What are the similarities and differences between Slapton Sands and Utah Beach?
Challenged by this question, is how 36 bright MsC/MPHIL Environmental Change and Management students from the University of Oxford started their field trip along the Start Bay coastline in the South coast of Devon, England, UK. I am Andres Payo, lead researcher of the coastal resilience and marine shallow geohazards research line at the British Geological Survey, and I want to share with you my experience on how to communicate the importance of geology on issues that matters to people today.
On Sunday 30th of September 2018 I was driving from the nearby hotel to the Slapton Ley Nature Centre where I will meet the students to start the field trip with a one-hour introductory talk. I am not alone on this trip but with my wife Ruth and my son Andres to whom I am keen to show the beautiful coast of Start Bay. We have eaten our breakfast as fast as possible (you do not want to be late when not one, but 36 people are waiting for you) and gave us a good 40 minutes for what is only a 20 minutes’ drive along the coast. When we were only 2 minutes away from the Centre…surprise! the road was closed because it was damaged during the last storm (duh! I should have known that!). We have to turn around and spend another 20 minutes driving through an alternative route to the Centre to reach the place just right on time. Even before I start the describing the talk and walk, here you have the first issue that connect coastal processes (coastal erosion) with an everyday activity (driving from A to B).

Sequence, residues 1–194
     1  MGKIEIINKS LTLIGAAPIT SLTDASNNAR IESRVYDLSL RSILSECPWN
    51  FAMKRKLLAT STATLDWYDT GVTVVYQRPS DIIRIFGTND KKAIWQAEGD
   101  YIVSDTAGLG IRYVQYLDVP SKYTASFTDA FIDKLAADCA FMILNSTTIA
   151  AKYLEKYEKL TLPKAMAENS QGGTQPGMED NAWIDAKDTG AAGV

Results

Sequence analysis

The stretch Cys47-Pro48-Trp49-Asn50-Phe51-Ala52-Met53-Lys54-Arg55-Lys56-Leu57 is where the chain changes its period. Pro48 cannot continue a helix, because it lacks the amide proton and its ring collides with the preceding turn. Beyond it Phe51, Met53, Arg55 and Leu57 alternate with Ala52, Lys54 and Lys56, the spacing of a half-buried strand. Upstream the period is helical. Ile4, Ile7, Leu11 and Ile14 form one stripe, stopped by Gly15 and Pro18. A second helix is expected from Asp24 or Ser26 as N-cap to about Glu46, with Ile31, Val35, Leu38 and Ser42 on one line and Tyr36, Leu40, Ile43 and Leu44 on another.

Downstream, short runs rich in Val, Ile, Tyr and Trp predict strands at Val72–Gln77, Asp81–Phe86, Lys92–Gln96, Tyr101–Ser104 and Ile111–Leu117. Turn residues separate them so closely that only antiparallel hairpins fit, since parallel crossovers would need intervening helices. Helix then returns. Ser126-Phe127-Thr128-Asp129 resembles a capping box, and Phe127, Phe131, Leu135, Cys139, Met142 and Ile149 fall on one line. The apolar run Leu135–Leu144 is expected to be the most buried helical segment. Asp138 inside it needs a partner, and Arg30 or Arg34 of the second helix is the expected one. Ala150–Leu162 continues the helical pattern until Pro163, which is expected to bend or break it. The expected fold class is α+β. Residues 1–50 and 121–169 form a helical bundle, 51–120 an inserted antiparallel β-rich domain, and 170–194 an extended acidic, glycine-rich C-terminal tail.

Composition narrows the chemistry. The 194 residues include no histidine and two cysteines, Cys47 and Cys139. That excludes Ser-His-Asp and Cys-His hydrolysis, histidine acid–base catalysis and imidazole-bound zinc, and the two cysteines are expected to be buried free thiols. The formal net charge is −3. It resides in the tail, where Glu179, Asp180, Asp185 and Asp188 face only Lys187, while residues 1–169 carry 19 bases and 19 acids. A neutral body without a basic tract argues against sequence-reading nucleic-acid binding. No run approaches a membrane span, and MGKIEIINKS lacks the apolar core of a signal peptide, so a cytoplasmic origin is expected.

“Geology, before the trip, appeared as something profound that geologists do. In past, I have struggled with identifying rocks on my own and identifying how geological processes shape any landscape. Hence, it was an uncanny feeling that morning to figure out the history of Slapton Ley by observing sediments and construe it piece by piece. To hold a flint or a slate and call it by its right name was a happy feeling. It seemed almost like a detective story where we were trying to put different pieces of the puzzle together and understand how the coastline of Slapton Ley was transformed over the course of time. Some aspects of the story were quite shocking and made me realize the fragility of life on our planet. The most memorable experience was to hold a Devonian sedimentary rock in Devon and find myself connected with the big history. At that moment, I saw myself, in the third person, as a geologist.”
If you have read the students feedback all the way until here and you are a geologist, you are probably feeling as happy as I am feeling 😉…any time that I might feel down, I will re-read this post to boost me up.